Saturday, December 26, 2009

Panic Attacks Information - 7 Tidbits to Keep You Informed and Prevent Future Attacks

By Lincoln Broaders

Panic attacks are a condition that impact millions of people each year. Although the cause is unknown, there is some research to support the fact that certain people are genetically predisposed to the condition. Attacks are usually brought on when a particularly stressful event takes place in life, such as graduating from college or university, marrying, having a child or getting divorced. If other members of your family suffer from the condition, then you may have an increased risk of also being afflicted and should stay up-to-date on the latest panic attacks information.

Tidbit #1: Symptoms of Panic Attack Disorder

The following are symptoms which strongly indicate that you may be suffering from an attack: racing heartbeat, difficulty breathing (the feeling of not being able to get enough air or hyperventilating), paralyzing terror, shaking and sweating, chest pains, dizziness, nausea, choking, chills or hot flashes, pins and needles sensations in the out extremities and a fear that you are either going crazy or that you are going to die. Studies are ongoing and panic attacks information regarding symptoms continues to be updated.

Tidbit #2: Are Panic Attacks Dangerous?

Although an attack can occur without warning and there is no way to predict or prevent it, you should know that it is not dangerous and it will pass. It will most likely occur quite suddenly, without any indication that it is going to occur. An episode will only last for a few minutes because it is the body's "fight or flight" response that has taken over and your body cannot sustain this response for longer than a few minutes. That being said; however, an attack can occur repeatedly for several hours.

Tidbit #3: Do You Have Panic Attack Disorder?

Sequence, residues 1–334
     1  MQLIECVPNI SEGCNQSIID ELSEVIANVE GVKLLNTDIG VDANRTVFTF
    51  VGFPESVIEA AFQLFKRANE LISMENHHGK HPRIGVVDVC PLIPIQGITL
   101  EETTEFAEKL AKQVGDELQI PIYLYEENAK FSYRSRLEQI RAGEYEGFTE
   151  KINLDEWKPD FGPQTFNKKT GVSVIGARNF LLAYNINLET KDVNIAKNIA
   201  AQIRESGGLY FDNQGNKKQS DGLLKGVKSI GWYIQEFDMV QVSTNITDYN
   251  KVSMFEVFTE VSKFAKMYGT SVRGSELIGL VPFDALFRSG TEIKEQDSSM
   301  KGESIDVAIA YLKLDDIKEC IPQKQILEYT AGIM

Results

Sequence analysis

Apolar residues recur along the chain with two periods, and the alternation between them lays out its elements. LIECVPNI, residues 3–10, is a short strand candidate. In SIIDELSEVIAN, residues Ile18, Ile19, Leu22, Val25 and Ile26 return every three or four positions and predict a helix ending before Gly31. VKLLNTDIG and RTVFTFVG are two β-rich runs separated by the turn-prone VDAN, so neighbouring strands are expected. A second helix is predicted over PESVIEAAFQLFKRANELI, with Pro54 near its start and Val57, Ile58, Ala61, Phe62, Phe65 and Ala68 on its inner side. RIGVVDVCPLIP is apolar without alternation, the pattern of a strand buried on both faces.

Most of us will experience some sort of a "panic attack" at least occasionally. It is when you suffer from repeated, debilitating attacks that you should seek some sort of help. Some people suffer from such severe attacks that they are frightened to leave their homes and interact with society. If you live in constant fear of these types of attacks, then you are most likely suffering from this condition.

Tidbit #4: Are There Side Effect?

If left untreated, panic disorder may lead to phobias. For example, if you have an attack while driving, you may avoid driving and then develop a phobia about driving. Those who suffer from severe attacks spend more time in hospital emergency rooms because they may call 911 when they are suffering from an attack. Many have a high risk of suicide and tend to try to hide from dealing with reality by using drugs and alcohol.

Tidbit #5: What Causes An Attack?

Panic attack disorder may be genetic, although just because someone in your family has the condition, does not mean that you will also suffer from the same disorder. Panic attacks may be a side effect from taking certain medications and in these cases, may be temporary. A significant personal loss such as a breakup, a death in the family or of someone close or a significant change in your life such as quitting smoking or giving up caffeine can also be factors.

Tidbit #6: What Treatments Are Available?

There are wide arrays of treatments that can assist with panic attack disorder. If your case is severe, you may consider psychological therapy in conjunction with medication. There are also diet elimination options, such as avoiding alcohol and caffeine or other substances that can worsen the likelihood of panic attacks. Deep breathing techniques and yoga are also good solutions along with regular exercise which is a known stress reliever.

Tidbit #7: Looking At Your Life Experiences Can Help

If you had a traumatic childhood and were abused and/or neglected, this could be a cause your attacks. A great way to deal with this is to make some time for yourself each day, whether it is having some time alone reading, taking a bath (relaxing) or taking a walk, it is important to take some time for yourself each day. Writing in a journal can also help to a large extent, because you can express exactly how you are feeling, and as things improve, you can read back and see how far you have come.

Panic attack disorder can be debilitating, but it does not have to be. There are many treatments available. You need to access and explore your options and decide which treatment or combination of treatments will work best for you.

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